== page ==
NetWellness is a global, community service providing quality, unbiased health information from our partner university faculty. NetWellness is commercial-free and does not accept advertising.
Wednesday, October 7, 2015
Could polycystic kidney disease develop later on in life? Would the following "clinical impressions" warrant seeing a nephrologist: kideny stone, UTI, diverticulitis, high blood pressure, and sliding hiatal hernia.
Yes, polycystic kidney disease (PKD) does typically develop later in life. In this disease, a person is born with normal kidneys, but gradually develops cysts in them; the cysts are usually evident by the time the person is in their 20's, but the disease is often not diagnosed until age 30-50's. There are other signs that accompany this disease, including high blood pressure, cysts in other organs (especially the liver), blood in the urine, kidney stones, a heart valve disorder called mitral valve prolapse, colonic diverticulosis, and hernias (especially inguinal, but not hiatal).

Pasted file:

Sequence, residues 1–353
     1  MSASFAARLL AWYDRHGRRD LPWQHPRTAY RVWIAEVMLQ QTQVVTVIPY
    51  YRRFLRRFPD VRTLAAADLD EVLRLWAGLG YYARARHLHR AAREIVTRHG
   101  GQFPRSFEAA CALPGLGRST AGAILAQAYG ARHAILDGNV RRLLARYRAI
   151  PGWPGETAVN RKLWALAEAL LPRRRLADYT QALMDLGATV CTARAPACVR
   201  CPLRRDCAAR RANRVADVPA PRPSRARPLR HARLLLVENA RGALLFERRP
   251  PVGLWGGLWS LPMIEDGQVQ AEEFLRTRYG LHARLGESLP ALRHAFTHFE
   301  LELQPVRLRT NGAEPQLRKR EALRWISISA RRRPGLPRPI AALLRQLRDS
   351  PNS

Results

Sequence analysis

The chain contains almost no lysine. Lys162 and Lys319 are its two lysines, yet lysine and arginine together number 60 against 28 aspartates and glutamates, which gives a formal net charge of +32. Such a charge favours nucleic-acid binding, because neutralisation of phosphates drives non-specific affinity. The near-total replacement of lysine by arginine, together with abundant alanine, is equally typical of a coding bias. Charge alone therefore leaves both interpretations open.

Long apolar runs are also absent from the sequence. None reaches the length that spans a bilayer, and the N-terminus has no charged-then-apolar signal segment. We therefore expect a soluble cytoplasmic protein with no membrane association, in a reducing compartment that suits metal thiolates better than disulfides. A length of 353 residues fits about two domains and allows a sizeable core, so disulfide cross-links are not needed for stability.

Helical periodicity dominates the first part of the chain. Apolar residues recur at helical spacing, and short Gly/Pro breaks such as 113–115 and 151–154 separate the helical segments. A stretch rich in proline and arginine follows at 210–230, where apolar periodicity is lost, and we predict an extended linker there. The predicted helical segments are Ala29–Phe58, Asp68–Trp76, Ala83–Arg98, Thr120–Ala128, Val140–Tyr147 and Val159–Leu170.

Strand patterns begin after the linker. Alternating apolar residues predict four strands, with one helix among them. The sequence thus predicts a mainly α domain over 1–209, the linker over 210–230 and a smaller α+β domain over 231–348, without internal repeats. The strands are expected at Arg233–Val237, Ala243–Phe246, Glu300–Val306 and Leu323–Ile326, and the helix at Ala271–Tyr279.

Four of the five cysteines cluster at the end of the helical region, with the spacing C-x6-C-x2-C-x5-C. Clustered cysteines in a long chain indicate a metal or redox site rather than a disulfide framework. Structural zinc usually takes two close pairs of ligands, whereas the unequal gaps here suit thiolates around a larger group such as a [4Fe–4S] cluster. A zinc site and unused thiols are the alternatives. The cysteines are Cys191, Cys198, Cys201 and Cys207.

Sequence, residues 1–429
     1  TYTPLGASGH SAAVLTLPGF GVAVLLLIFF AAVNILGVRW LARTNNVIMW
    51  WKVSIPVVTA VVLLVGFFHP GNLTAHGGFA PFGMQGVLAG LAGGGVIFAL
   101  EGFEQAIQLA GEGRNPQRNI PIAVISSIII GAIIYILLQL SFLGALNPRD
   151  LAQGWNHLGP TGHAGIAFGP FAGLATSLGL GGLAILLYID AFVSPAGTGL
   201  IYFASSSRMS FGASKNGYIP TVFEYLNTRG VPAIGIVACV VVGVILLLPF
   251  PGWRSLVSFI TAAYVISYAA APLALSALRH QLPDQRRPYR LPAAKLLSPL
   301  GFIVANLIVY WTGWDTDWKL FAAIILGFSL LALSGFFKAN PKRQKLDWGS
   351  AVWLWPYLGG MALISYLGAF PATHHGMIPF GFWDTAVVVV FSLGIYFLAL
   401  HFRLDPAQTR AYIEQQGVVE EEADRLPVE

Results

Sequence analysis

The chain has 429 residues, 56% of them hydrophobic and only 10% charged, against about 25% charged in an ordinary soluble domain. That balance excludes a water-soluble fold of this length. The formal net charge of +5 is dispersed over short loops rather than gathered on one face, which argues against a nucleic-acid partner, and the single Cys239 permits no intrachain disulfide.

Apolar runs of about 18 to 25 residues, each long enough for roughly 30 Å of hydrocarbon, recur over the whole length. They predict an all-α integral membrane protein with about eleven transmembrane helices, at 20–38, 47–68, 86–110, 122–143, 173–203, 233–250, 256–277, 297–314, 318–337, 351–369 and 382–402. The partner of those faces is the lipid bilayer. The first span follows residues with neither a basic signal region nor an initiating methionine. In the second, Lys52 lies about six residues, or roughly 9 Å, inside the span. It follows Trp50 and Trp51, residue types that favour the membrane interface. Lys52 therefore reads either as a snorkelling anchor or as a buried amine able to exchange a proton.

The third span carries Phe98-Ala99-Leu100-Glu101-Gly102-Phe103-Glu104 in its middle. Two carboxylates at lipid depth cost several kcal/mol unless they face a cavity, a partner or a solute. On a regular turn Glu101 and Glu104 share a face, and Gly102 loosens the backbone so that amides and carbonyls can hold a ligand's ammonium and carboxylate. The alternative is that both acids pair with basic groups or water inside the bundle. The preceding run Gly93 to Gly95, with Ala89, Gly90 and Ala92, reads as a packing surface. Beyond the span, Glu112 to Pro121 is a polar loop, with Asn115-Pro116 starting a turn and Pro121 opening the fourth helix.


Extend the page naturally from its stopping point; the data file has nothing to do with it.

Anyone who has PKD has a 50% chance of passing it on to each of their children.
I hope that this information answers your questions; but if not, please feel free to write back with more specific questions.
Mildred Lam, MD
Associate Professor of Medicine
School of Medicine
Case Western Reserve University